The battle over backyard chickens that hatched in 1980s Toronto
Debate pitted urban farmers against their neighbours
It should be as true in Toronto as it would be anywhere — that good fences make good neighbours.
But in Canada's largest city, it seems that has long depended on whether the fencing in question surrounded a chicken coop.
In 1983, The National was reporting on an issue that left some Torontonians "crying fowl," as anchor Knowlton Nash put it.
It was the issue of whether or not residents should be allowed to keep chickens in their backyards.
"There have been complaints that many of Toronto's so-called backyard farmettes are too noisy and too smelly, that farms — not cities — are the place for farm creatures," reporter Dan Bjarnason told viewers, when explaining the situation on The National on May 2, 1983.
Kids 'get a big kick' out of chickens
Joanne Kates said her immediate neighbours didn't have problems with the coop full of chickens hanging out in her backyard.
"On that side, the neighbours have kids and their kids get a big kick out of my chickens and the parents like that," said Kates, who was a keeper of chickens in addition to her day job of being a reviewer of restaurants for The Globe and Mail.
"On that side, the neighbours are older people from Europe and it reminds them of their past, which they miss."
Indeed, her neighbour Joe Gill was supportive of the situation.
"We like chickens," said Gill, who told CBC News he was once a farmer himself. "Them, they didn't bother us."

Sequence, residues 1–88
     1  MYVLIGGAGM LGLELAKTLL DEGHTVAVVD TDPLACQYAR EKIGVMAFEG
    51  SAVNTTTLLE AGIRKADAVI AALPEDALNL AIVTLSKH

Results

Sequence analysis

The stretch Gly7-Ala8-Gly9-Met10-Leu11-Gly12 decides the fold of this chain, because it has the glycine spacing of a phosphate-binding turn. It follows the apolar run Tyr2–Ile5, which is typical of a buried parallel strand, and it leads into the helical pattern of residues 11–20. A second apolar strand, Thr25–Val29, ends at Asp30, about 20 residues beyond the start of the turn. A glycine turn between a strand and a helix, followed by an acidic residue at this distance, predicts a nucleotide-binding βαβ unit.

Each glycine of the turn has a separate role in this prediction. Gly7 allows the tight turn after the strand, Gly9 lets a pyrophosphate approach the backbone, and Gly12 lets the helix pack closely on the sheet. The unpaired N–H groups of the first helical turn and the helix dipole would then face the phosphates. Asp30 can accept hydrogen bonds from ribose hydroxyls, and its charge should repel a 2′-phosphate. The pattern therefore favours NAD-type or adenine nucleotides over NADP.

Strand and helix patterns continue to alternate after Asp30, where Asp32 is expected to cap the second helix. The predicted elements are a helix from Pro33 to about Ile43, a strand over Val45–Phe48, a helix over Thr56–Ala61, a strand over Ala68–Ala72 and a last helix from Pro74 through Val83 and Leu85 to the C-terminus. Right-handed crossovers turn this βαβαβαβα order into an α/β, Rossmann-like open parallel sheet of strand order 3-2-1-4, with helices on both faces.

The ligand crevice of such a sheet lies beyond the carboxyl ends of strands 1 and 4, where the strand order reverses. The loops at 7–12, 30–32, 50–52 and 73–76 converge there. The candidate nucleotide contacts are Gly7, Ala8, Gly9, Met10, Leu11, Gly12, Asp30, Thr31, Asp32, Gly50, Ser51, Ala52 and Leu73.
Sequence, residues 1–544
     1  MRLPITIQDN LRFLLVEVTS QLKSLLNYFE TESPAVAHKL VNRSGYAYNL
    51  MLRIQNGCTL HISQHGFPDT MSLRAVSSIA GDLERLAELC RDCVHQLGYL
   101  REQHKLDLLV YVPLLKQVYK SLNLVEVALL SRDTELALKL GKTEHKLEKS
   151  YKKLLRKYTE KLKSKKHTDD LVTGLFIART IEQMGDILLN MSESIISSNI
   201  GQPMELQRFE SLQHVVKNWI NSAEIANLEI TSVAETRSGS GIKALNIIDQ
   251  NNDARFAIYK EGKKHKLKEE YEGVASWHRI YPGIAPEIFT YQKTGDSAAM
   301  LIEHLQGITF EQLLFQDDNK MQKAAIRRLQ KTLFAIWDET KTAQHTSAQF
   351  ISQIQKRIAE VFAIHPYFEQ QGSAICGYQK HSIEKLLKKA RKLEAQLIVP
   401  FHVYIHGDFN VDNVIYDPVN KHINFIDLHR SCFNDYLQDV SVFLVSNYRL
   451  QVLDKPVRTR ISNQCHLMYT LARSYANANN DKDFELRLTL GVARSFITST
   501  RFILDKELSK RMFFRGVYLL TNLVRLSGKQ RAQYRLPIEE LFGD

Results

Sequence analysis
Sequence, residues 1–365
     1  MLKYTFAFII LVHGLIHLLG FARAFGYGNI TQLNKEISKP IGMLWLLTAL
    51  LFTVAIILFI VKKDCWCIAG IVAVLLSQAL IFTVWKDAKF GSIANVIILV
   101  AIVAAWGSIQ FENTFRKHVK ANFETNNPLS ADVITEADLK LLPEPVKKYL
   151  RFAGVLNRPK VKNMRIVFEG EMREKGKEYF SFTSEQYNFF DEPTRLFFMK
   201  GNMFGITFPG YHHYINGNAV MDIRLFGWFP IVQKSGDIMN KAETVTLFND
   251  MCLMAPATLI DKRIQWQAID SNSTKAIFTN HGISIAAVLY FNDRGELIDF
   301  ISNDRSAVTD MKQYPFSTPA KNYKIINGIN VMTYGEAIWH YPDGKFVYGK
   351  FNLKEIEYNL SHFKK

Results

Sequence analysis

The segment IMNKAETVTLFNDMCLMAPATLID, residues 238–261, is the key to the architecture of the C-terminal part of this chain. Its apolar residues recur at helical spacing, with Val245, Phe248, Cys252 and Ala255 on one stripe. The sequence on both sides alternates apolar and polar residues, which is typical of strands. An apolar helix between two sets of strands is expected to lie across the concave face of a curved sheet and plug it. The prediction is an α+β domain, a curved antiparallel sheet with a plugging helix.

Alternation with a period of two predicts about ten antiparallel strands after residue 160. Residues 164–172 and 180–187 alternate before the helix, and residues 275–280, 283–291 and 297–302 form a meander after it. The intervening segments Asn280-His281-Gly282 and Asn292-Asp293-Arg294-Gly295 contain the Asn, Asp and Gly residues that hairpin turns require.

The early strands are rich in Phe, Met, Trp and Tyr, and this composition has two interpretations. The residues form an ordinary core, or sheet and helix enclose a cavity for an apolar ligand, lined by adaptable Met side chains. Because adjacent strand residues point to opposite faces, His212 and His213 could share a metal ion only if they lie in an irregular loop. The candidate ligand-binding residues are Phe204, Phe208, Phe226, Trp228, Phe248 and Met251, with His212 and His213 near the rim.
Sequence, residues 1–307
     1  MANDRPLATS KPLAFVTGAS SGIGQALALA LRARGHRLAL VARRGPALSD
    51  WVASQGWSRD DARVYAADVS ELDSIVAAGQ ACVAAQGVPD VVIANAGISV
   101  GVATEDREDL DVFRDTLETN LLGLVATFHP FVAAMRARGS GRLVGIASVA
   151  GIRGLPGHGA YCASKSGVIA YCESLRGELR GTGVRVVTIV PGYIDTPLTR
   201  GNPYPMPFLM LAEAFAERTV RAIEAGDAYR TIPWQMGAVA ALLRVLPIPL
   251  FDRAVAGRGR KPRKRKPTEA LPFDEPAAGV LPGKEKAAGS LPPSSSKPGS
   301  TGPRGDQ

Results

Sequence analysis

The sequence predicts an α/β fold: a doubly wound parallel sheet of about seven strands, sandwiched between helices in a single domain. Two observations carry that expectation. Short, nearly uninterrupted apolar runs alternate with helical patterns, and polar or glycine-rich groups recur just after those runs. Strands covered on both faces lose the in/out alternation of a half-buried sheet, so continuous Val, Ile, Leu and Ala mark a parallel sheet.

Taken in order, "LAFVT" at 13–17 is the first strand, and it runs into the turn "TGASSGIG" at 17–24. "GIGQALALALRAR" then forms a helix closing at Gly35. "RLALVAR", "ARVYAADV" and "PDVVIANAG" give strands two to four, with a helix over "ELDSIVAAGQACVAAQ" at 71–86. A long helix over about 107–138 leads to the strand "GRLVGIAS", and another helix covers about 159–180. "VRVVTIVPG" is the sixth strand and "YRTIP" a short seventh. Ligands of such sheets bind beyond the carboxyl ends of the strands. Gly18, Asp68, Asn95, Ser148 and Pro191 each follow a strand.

There were other residents of Toronto who didn't find that having egg-producing neighbours was all it was cracked up to be.
'An invasion of rats'
Josephine Godlewski told CBC that living next to a chicken coop also meant they began living near some other unwanted neighbours.
"More and more rats, like an invasion of rats," Godlewski said. "And [the] flies, they eat you alive."
There was enough clucking about the chicken issue, in fact, that city councillors spent an entire morning debating the issue.
"The chickens had too few friends and too many enemies," said Bjarnason. "The vote went against the fowl."
But Bjarnason noted that the related bylaw banning backyard chickens still had to be written and then passed into law before the chickens really had to go.
Three months later, the Toronto Star reported that city council had passed the bylaw, which banned Torontonians from keeping live farm animals — including chickens. The bylaw was to come in effect on Sept. 1, 1983, according to the report.
Decades later, the debate over backyard chickens continues to hatch over and over again.
A multi-year pilot project is currently in progress in Toronto that allows residents in selected city wards to have up to four hens per household.